Humbert “Rocky” Versace epitomized the “Duty, Honor Country” credo of the U.S. Military Academy at West Point. On October 29, 1963, during the early days of the U.S. involvement in Vietnam, Versace, a member of the 5th Special Forces Group, was captured by the Viet Cong. He refused to be indoctrinated by the Communists and resisted fiercely. He so enraged his captors by his insistence on adhering to the code of conduct and protesting their treatment of American POWs, that the Viet Cong executed him on September 26, 1965. He was posthumously awarded the Medal of Honor.

Versace was the eldest of five children. He was born in Honolulu, Hawaii in 1937. His mother was an author and one of her novels was later turned into the television series, “The Flying Nun.” His father was a colonel in the U.S. Army. Like most military families, the Versace clan moved quite frequently and Rocky grew up in Alexandria, VA, right outside of Washington, D.C.

After graduation from high school in Norfolk, VA, Versace got an appointment to the U.S. Military Academy at West Point along with his father did. He graduated in 1959 as a second lieutenant in the Armor Branch. He went to Ranger School, Class 4-60, graduating on December 18, 1959. After attending airborne school, Versace was shipped to Korea where he was assigned to the 3rd Battalion, 40th Armor, 1st Cavalry Division as an M-48 tank platoon leader from March 1960 to April 1961.

After being promoted to captain, Versace was then assigned to the 3d U.S. Infantry (Old Guard), the Army’s ceremonial unit known as the “Escort to the President” that is based near Washington at Ft. Myer, VA. While in Virginia Versace volunteered for duty in Vietnam and was transferred to Ft. Holabird, MD for the intelligence course and then the Vietnamese Language Course at the Presidio of Monterey in California.

Versace began his career as an intelligence advisor serving with the 5th Special Forces Group in May 1962. At the end of his year-long tour in May 1963, he volunteered for a six-month extension. At the conclusion of that, Versace decided that he was going to join the seminary, become a Catholic priest, and return to Vietnam as a missionary.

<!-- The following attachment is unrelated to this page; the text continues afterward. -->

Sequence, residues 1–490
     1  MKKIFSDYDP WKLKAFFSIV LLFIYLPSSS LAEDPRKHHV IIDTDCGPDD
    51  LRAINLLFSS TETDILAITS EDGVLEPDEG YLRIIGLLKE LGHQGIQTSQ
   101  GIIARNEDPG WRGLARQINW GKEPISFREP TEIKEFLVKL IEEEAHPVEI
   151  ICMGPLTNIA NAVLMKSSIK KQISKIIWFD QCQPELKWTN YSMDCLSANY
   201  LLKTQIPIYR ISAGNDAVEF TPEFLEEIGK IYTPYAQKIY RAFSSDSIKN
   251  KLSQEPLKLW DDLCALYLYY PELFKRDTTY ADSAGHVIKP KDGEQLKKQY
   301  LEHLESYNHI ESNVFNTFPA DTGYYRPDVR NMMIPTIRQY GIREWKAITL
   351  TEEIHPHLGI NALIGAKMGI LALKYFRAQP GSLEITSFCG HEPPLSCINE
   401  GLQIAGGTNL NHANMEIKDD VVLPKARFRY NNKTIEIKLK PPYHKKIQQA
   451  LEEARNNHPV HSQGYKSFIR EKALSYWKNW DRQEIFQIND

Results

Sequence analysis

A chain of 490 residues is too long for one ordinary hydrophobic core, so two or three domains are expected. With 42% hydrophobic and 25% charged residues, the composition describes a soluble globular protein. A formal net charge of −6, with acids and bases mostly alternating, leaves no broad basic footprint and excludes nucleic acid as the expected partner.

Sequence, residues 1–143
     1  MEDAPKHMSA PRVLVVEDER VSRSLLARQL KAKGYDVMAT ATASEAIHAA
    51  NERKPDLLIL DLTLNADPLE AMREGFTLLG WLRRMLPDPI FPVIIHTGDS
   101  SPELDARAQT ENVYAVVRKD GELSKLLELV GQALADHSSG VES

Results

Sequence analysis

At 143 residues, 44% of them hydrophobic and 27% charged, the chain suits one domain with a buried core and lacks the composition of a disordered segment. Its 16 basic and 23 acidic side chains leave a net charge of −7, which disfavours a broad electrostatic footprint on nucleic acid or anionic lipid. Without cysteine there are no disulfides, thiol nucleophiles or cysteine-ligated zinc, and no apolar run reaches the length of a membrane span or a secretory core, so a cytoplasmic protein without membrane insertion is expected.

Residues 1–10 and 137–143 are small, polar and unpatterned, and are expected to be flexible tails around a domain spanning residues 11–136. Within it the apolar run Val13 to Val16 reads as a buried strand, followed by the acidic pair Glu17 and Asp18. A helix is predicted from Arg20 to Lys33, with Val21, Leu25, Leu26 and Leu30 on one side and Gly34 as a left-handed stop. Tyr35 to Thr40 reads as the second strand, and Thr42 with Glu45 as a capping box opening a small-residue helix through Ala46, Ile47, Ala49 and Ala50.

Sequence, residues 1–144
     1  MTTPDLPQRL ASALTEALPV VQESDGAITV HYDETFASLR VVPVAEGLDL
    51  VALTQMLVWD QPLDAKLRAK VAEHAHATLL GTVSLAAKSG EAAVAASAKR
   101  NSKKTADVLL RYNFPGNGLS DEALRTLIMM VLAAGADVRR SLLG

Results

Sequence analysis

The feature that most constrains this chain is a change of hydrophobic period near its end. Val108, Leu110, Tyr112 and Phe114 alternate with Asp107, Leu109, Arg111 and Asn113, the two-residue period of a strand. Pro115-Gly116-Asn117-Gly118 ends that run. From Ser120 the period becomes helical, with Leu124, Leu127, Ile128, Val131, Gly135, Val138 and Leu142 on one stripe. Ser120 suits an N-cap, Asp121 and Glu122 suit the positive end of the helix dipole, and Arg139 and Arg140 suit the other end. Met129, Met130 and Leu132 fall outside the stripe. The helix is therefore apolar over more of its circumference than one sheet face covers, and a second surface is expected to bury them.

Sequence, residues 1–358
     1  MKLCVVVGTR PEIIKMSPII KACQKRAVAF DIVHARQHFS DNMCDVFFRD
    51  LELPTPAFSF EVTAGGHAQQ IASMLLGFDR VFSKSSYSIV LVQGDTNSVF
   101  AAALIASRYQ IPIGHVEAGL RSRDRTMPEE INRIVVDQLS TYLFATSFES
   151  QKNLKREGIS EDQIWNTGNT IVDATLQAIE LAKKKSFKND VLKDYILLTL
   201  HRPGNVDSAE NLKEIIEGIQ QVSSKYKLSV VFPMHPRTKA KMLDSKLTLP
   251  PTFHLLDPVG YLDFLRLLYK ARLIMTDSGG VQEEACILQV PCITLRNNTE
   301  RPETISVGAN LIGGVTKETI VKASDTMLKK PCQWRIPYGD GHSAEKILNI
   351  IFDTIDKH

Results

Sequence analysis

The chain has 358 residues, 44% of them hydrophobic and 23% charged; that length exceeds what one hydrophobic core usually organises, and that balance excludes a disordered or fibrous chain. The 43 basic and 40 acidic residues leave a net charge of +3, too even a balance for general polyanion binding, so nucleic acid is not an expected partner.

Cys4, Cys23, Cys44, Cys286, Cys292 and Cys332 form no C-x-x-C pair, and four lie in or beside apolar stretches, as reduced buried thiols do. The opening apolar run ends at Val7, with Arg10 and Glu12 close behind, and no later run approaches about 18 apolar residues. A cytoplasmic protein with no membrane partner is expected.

With only two weeks remaining on his tour and the Army, Versace went to visit an old USMA classmate at the 5th Special Forces camp A-23 located at Tan Phu in the Mekong Delta. There, the Special Forces men were advising a Civilian Irregular Defense Group (CIDG) unit. The unit according to Colonel (then LT) Nick Rowe was trying to dislodge a 40-man Viet Cong platoon that was setting up a headquarters located in the thick U Minh Forest at the village of Le Coeur. Versace joined the men on the operation. The Viet Cong, however, were not 40 men but a 900-man regiment and ambushed the Montagnard/Special Forces patrol.

Dan Pitzer, an American Special Forces medic, was racing to the point of the ambush to help when he stepped into a hole and broke his ankle; the A-Team XO, LT Nick Rowe moved to assist him. Versace, although badly wounded, remained in place and put down enough covering fire to allow most of the CIDG troops to withdraw safely. However, as they ran out of ammunition, Rowe was clubbed from behind by a Viet Cong and he, Pitzer, and Versace were taken prisoner.  

1LT Nick Rowe prior to his capture in Vietnam.

The Viet Cong really had no idea what to do with American prisoners so they subjected them to brutal interrogations and horrible conditions at a small jungle prison camp located deep in the U Minh Forrest. In addition to physical torture and interrogations, they attempted to starve their American captives. Although he was very weak and wounded from the action at the ambush, Versace continued to display his absolute adherence to the Code of Conduct.